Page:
A Lexington decision to temporarily halt paper recycling has had a domino effect on Georgetown/Scott County recycling that will mean more paper going to the landfill.
Lexington announced its recycling center was no longer accepting paper to recycle because there was no market for it and nowhere to send it. Reports stated the center had been giving the paper away, but now they cannot even do that. The center hopes it will be a temporary hold until they can find another source to accept the paper to recycle.
The local recycling center will still accept clean cardboard and newspaper, Georgetown Chief Administrative Officer Andrew Hartley said.
“We send the cardboard directly to buyers and get a better price, and we think we have a viable option to send newspaper,” he said. “But all other paper goods went to Lexington, so we have to find another source to send it.”
Georgetown Mayor Tom Prather has had several conversations with citizens disappointed in recycling efforts and the market forces that impact them, he said.
“Recycling is important and citizens everywhere care, but the market problems have to get solved and fixed by finding new models that work,” he said. “I think advances in technology and changes in attitudes will help, but I think we will be disappointed in the short term until we work on making it more sustainable.”
The recycling center will still accept all paper, but other than newspaper and cardboard, all other paper products will be going to the landfill and people can just as easily put that in their own trash, Prather said.
“That is just the stark reality of the situation,” Prather said. “Market problems are not something we can fix in central Kentucky or even Kentucky. It is a broader issue than that.”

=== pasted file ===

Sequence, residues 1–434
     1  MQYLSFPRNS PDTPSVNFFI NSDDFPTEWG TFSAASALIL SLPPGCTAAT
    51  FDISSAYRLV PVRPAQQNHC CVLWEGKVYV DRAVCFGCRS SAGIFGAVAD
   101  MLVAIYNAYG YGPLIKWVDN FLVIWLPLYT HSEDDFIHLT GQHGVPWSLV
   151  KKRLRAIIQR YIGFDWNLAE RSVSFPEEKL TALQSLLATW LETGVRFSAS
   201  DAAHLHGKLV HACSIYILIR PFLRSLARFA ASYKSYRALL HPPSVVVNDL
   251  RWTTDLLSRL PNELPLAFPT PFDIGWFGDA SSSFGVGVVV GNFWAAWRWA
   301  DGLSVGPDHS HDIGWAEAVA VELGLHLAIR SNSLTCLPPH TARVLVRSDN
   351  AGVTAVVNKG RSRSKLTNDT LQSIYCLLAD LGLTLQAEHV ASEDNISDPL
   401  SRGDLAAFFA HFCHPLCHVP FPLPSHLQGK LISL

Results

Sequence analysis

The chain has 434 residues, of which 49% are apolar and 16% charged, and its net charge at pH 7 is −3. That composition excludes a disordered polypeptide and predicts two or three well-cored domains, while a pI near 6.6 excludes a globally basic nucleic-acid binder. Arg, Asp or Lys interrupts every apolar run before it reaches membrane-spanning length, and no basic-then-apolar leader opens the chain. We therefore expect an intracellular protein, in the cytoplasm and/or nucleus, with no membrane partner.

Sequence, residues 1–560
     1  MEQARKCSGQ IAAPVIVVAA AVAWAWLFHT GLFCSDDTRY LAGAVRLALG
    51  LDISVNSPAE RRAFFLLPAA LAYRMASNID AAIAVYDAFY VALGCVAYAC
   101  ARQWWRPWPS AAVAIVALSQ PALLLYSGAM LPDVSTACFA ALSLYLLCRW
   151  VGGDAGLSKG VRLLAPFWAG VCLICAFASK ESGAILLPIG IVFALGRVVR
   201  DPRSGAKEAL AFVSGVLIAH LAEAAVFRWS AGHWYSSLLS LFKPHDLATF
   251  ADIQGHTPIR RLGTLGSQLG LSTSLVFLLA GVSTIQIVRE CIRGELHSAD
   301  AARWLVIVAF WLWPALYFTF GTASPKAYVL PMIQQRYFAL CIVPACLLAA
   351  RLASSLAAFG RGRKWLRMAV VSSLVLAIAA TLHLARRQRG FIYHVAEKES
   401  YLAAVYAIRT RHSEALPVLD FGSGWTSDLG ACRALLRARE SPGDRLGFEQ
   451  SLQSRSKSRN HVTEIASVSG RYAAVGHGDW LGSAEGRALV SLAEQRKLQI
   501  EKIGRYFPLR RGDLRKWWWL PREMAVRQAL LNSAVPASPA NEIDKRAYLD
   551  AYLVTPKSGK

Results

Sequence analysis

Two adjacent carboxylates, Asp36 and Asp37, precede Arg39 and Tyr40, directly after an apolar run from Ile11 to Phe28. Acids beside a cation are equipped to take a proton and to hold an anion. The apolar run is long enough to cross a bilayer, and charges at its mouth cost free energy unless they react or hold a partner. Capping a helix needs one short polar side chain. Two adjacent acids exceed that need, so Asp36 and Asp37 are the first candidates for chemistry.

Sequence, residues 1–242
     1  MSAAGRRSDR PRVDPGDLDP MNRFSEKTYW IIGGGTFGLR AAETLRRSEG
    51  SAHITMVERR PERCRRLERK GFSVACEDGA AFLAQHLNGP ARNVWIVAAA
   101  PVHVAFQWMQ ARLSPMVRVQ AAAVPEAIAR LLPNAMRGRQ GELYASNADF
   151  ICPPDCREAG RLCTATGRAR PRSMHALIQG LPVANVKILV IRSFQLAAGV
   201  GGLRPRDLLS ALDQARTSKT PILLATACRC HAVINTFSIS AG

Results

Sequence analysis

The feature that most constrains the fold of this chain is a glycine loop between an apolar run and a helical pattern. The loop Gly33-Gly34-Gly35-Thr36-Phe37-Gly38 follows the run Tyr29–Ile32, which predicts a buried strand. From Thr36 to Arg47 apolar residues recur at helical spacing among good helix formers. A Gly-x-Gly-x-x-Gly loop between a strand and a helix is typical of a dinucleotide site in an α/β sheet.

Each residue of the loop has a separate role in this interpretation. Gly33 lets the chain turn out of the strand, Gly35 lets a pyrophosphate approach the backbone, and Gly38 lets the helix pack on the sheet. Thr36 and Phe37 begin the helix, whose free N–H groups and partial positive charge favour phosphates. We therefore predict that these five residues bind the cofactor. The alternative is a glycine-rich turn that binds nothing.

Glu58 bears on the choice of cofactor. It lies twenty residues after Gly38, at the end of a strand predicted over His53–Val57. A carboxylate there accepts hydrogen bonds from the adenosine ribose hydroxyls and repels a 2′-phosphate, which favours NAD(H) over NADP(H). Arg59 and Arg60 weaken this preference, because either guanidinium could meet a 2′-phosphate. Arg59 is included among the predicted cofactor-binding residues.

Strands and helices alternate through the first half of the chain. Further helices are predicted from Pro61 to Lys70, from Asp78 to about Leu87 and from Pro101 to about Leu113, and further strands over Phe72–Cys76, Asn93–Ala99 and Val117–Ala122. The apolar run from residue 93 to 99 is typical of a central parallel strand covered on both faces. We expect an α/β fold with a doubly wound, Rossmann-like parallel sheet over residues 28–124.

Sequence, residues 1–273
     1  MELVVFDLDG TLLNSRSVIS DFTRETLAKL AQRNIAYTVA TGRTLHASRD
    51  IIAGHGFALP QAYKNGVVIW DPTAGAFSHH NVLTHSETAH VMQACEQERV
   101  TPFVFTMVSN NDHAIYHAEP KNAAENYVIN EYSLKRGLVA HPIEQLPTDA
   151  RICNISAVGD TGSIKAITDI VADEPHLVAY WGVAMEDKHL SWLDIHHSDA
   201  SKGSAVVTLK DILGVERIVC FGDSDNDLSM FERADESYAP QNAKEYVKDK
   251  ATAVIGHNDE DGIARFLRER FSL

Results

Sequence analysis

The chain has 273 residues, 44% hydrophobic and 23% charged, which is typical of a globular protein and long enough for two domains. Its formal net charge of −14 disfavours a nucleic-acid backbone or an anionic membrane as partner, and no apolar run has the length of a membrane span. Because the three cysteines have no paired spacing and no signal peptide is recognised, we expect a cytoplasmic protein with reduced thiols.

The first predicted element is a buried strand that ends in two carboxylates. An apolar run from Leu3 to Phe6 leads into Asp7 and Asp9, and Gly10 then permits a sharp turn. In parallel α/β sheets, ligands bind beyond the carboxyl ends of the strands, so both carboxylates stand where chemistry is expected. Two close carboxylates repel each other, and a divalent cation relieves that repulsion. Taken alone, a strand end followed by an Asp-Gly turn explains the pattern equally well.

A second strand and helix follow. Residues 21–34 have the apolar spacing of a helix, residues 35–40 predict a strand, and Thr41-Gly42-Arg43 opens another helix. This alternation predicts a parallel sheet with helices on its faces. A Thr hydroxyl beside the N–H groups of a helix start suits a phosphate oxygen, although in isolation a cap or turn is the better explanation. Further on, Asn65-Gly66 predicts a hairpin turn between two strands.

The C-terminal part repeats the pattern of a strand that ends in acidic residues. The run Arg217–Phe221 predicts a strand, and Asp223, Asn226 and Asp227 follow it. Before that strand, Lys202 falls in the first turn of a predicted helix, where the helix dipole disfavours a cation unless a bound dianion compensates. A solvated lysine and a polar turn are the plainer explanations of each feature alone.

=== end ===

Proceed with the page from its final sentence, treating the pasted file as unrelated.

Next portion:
Recycling is becoming a growing problem for communities all across the state, said Jared Hollon, Scott County deputy judge-executive and solid waste coordinator. Hollon was recently at a Bluegrass Area Development District meeting and the topics were solid waste and recycling, he said.
“Everything was going to China, but in the last year that has really slowed down and now there is more volume of paper than they can handle,” he said. “All of us want to be environmentally sound, but it is not viable. And you can’t throw everything in the landfill. It’s been a hard go and it is going to get tougher.”
The economics of recycling are changing, Hartley said.
“I’ve been reading national articles on the global shift of where recycling is going and who is going to buy it, and according to what I have read, it is just going to get worse. The local market sources are not what they used to be, and recycling becomes a question of revenue and expenditures.
“Recycling has gone through slumps in the past and readjusted. The question is how long will the readjustment take, or is this a more permanent shift.”
Steve McClain can be reached at firstname.lastname@example.org.